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Hello all.
As I'm sure you are well aware, the wildfowling season is fast approaching. This is particularly exciting for my stepdad and myself as we have managed to secure some wildfowling rights for the very first time. Also fast approaching is my stepdad's birthday, so it would seem the obvious move would be to buy a suitable jacket for the usually difficult man in question.
The problem, however, is that I am completely unfamiliar with the most effective waterproofing and camouflage solutions that are on offer nowadays (my shooting is currently limited to clays and game).
If it helps at all, he's of average height (around 5'9") and average weight. We live and have rights to shoot in Cumbria so excellent waterproofing is absolutely essential.
It will likely be a joint gift from myself and the mother so money isn't too much of a worry.
Any help that could be provided would be greatly appreciated!

Many thanks in advance,

 

Kieran. :good:

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My personal recommendation would be to purchase a jacket from Cabelas. I bought my own jacket from back in 2012 when my jacket gave out midway through the season. The jacket i got has proved to be very warm and waterproof and has stood up to all the stick i have given it ( and thats quite alot )!

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Thanks for the replies chaps. Perhaps something along these lines? I've heard good stuff about them so I've been keeping them in mind!
I did broach the subject of a decent pair of waders a few weeks ago with him but I think he'd rather have the coat. At the moment he only has the jacket he uses for game - very green and not at all in the wildfowling spirit of things!

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The thing with true wildfowling is that it will get completely messed up. The jacket is great but will he lay in mud in it if he has to?

I am a believer in Gortex over smocks and bibs which I only use for Wildfowling. These go over layers and keep them relatively clean but the top layer of gortex is completely covered in mud. Just a thought.

Edited by birdsallpl
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If the wildfowling is inland or clean so to speak theres no need to go overboard. I have used ridgeline clothing for the last couple of seasons and have no complaints and the prices are very reasonable. All my wildfowling is on the foreshore so it gets messy.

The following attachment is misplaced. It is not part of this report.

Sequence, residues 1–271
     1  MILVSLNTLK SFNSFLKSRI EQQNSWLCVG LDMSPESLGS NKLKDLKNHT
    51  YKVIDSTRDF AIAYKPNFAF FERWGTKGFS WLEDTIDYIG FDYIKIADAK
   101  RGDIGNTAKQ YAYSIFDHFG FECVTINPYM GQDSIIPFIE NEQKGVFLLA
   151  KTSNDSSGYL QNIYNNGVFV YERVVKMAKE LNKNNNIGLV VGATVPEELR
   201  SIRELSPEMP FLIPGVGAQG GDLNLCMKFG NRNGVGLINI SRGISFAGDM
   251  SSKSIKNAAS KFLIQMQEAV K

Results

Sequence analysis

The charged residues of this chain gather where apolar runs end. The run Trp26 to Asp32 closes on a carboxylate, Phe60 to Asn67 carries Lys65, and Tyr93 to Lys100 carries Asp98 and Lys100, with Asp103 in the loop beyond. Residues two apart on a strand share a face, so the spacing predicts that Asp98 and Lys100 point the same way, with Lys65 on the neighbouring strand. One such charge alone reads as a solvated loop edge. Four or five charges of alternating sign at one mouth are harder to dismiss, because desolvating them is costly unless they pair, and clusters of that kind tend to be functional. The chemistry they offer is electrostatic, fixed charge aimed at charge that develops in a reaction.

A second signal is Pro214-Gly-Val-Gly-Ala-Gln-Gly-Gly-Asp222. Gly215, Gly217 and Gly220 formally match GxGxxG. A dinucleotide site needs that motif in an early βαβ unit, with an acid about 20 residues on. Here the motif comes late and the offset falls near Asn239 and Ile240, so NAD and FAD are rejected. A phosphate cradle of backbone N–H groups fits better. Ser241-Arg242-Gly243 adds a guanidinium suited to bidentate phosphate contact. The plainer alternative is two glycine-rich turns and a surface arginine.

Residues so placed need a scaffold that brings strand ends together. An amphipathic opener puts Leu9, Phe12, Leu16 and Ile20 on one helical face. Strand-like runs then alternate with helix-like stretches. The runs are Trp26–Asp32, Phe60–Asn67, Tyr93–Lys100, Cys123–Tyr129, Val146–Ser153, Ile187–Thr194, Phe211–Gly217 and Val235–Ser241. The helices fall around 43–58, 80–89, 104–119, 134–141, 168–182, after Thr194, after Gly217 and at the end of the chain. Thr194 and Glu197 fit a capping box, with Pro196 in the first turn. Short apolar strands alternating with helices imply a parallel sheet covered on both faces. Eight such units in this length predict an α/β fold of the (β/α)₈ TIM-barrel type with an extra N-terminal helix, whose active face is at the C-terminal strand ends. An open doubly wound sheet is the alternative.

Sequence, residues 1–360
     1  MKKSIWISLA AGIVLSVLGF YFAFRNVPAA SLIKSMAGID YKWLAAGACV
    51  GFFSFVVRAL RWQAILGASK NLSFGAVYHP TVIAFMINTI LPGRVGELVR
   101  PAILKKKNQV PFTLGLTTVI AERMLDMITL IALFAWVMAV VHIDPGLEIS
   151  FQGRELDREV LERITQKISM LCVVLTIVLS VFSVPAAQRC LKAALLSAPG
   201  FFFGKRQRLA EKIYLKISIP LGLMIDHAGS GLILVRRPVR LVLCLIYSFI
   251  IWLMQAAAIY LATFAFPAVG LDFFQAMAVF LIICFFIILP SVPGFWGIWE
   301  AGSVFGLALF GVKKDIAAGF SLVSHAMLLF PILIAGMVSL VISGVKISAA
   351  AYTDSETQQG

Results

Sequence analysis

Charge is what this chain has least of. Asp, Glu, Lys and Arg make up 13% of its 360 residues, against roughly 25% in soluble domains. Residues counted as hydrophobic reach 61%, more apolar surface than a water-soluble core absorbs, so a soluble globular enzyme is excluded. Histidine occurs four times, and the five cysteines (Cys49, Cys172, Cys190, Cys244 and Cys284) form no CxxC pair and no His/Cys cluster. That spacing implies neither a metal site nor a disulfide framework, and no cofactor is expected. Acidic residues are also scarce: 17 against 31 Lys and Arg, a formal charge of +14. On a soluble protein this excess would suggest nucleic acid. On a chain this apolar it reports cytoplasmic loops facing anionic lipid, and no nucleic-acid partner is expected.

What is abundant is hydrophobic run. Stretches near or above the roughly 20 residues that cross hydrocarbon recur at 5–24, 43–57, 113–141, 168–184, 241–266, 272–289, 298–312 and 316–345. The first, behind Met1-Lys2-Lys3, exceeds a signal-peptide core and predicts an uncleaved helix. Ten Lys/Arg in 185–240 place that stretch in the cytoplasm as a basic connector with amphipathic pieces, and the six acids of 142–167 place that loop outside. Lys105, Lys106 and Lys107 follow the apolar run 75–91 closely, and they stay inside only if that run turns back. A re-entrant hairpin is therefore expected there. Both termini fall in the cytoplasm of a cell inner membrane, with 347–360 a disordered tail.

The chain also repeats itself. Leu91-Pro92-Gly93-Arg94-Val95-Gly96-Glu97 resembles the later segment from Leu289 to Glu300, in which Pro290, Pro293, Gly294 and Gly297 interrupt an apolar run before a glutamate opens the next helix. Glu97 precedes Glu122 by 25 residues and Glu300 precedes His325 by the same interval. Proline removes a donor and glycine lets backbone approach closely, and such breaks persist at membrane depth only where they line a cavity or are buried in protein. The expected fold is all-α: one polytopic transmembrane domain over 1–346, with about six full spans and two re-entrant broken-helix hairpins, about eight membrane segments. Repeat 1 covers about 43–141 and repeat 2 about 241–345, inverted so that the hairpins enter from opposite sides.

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Bare in mind that wildfowling can mean a very long walk at times and even on the coldest of days that can make you very warm , if you sweat while doing it then once you have stopped walking then that is what will make you cold.

 

It is far better to have layers of clothing that can be taken off or swapped about , I like a good breathable fleece and a lightweight fully waterproof and breathable jacket over the top either or both can be removed for a long hike , I would steer away from heavy padded jackets .

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Thanks for the advice guys. I've been looking into what you've said and I think the layering option might be the way to go - much easier in terms of temperature regulation and easier to swap-out when things get properly mud up!

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Thanks for the advice guys. I've been looking into what you've said and I think the layering option might be the way to go - much easier in terms of temperature regulation and easier to swap-out when things get properly mud up!

 

I take it you are doing proper foreshore fowling then?

 

I have a jacket which has a removable lining, very handy in my opinion.

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The very reason I still like my old Barbour waxed Longshoreman.

 

The thing with true wildfowling is that it will get completely messed up. The jacket is great but will he lay in mud in it if he has to?
I am a believer in Gortex over smocks and bibs which I only use for Wildfowling. These go over layers and keep them relatively clean but the top layer of gortex is completely covered in mud. Just a thought.

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Forget the right cammo, venues change through the season you will need to buy at least half a dozen coats to keep up with were and when. Don't spend too much and be prepared to chuck it away, saltwater, mud, barbed wire thorns all take their toll and you will want different clothes in September to what you need in February anyhow

Cumbrian club ground? Which?